Saturday, February 11, 2012

Minding the Gaps: Public Genres and Academic Writing

Kittle, P. & Ramay, R. (2010). Minding the Gaps: Public Genres and Academic Writing. What is "College-Level" Writing? Volume 2: Assignments, Reading, and Student Writing Samples (pp. 98-118). Urbana, IL: National Council of Teachers of English.



“... researchers choose topics because the study engages them, they already have prior knowledge and are passionate about their subjects, and they have colleagues who care about the issues under discussion. These are the aspects of academic writing that we would like to reclaim: personal and professional engagement with topics, and connections to real audiences who share concerns and assumptions with the writer" (p.100).


"It can be difficult to reconcile the ideas of authentic writing for an audience in a workplace and the kind of analytical compositions required in many college courses" (p. 101)


“Mallory not only wanted to do well, though - she expected to do well, but even with her strong motivation, she didn’t know how to express her thinking effectively on the page. What she needed was something to help her bridge the gap between what she knew and cared about and the ability to write about her ideas in an engaging way for a real audience" (p.108)

Kittle and Romay continue to reinforce the idea that a mature writer strives to make an authentic connection with the audience. A mature writer will be able to identify the appropriate anecdotes and research for his/her audience.  They support the idea that students should be able to write  “about issues of importance to them” (115) and to be exposed to multiple mentor texts of the genre they are expected to produce. Teachers should scaffold this process so that students practice “replicating particular aspects of the genre before being expected to produce complete drafts” (115). Revision is required of the mature writer, and students should be given the opportunity to connect with a specific audience through publication. They offer up the “My Turn” essay as an effective way to scaffold the student’s process of writing for an authentic audience.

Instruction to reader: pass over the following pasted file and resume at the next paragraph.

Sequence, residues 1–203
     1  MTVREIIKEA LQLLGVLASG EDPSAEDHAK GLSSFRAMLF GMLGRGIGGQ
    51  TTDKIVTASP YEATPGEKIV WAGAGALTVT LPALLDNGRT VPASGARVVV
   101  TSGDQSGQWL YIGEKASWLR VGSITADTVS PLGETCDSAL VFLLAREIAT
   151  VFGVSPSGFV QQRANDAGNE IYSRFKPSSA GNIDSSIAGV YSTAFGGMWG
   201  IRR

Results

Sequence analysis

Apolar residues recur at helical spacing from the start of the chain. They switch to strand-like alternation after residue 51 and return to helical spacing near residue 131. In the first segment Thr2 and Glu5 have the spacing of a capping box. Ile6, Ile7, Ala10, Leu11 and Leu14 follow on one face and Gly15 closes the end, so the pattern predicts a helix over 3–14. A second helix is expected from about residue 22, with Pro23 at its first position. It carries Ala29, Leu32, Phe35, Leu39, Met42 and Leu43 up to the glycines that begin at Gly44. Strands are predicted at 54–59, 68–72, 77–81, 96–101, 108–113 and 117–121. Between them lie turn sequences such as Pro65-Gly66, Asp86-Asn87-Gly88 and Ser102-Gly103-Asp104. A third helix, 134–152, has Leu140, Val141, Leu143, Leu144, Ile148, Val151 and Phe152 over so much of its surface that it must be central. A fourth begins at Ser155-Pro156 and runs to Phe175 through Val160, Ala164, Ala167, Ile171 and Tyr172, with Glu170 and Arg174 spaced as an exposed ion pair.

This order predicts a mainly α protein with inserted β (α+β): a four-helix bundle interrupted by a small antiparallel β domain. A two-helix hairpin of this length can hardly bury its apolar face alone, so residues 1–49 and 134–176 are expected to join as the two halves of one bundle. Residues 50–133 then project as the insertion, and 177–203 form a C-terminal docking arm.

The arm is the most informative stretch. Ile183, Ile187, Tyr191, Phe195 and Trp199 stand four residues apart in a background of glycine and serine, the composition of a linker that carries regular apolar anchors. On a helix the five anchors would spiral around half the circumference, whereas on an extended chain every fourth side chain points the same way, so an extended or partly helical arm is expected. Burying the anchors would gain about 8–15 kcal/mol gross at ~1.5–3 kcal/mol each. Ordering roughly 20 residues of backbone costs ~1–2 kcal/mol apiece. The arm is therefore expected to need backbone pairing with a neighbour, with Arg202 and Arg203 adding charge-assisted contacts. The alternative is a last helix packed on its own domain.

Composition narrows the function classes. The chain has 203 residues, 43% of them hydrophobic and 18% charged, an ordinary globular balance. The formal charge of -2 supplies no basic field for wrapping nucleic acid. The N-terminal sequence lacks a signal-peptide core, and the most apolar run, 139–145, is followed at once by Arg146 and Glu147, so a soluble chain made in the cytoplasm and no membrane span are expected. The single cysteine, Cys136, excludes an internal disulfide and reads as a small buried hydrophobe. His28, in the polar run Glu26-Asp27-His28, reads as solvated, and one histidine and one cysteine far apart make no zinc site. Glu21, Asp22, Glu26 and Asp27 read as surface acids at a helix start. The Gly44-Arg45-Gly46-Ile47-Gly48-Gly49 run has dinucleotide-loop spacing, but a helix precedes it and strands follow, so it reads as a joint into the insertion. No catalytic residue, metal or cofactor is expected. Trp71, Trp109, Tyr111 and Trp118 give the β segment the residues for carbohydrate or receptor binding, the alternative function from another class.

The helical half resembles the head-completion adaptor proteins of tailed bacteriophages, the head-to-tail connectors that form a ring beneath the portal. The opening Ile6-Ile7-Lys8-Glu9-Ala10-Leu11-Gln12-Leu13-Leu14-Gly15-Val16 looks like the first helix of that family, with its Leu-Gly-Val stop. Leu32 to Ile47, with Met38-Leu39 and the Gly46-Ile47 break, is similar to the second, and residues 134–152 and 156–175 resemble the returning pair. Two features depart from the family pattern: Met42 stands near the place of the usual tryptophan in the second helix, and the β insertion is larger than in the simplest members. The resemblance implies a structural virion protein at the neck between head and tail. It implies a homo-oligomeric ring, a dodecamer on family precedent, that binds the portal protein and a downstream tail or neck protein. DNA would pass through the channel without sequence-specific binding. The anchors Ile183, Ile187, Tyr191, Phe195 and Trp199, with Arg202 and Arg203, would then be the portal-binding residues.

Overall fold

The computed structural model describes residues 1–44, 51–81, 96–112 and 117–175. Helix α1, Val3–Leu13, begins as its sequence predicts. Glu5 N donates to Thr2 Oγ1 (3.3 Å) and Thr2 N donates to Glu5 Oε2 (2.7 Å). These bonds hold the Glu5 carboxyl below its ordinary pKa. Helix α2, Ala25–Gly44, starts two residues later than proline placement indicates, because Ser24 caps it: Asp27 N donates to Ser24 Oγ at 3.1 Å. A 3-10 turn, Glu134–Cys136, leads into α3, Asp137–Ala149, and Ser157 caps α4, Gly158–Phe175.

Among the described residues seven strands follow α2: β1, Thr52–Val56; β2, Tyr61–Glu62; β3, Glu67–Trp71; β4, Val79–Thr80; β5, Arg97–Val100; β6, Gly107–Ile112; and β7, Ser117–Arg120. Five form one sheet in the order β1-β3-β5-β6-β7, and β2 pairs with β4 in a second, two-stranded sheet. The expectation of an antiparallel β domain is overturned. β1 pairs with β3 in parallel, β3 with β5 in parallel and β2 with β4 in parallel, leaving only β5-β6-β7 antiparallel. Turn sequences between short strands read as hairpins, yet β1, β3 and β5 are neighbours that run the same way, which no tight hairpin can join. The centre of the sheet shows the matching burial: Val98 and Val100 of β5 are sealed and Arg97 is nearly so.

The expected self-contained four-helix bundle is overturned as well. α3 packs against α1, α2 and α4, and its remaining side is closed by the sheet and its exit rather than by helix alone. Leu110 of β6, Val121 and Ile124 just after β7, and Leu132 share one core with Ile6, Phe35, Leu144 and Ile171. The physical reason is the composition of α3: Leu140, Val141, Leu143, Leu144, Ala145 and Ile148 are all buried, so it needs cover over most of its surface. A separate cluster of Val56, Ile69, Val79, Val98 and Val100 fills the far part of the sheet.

Once again, I see how important connection with one’s audience is. I think that I can do a better job of finding mentor texts for the students to analyze for rhetorical strategy, as well as to use as models. Could I use Kelly Gallagher’s AOW (Article of the Week) to do this? Maybe I could do this during the first semester as a whole group (as I did with the snapshot narratives) more frequently, and then encourage them to find their own through their inquiry project? This was my intention with the mentor texts for this semester’s project, but I don’t feel like I made the idea and purpose of mentor texts clear to them.

I immediately took to Kittle’s piece because I learned so much about mentor texts from his sister’s Write Beside Them. One anecdote from  her book that has stuck with me is when she spoke of how she had asked a former student how well she was doing in college, and the student replied that she was doing well because she knew “what good writing is”. This is how I would like to teach my students to think about writing. I overheard a conversation between my students today about how they never really paid attention to the writing if the story was good, but immediately noticed when the writing is bad. I should teach them how to look at what makes good writing good, and then ask them to try it out more.

1 comment:

Natalie Mitchell said...

Very interesting article about academic writing i really much appreciated this thanks for shearing with us.

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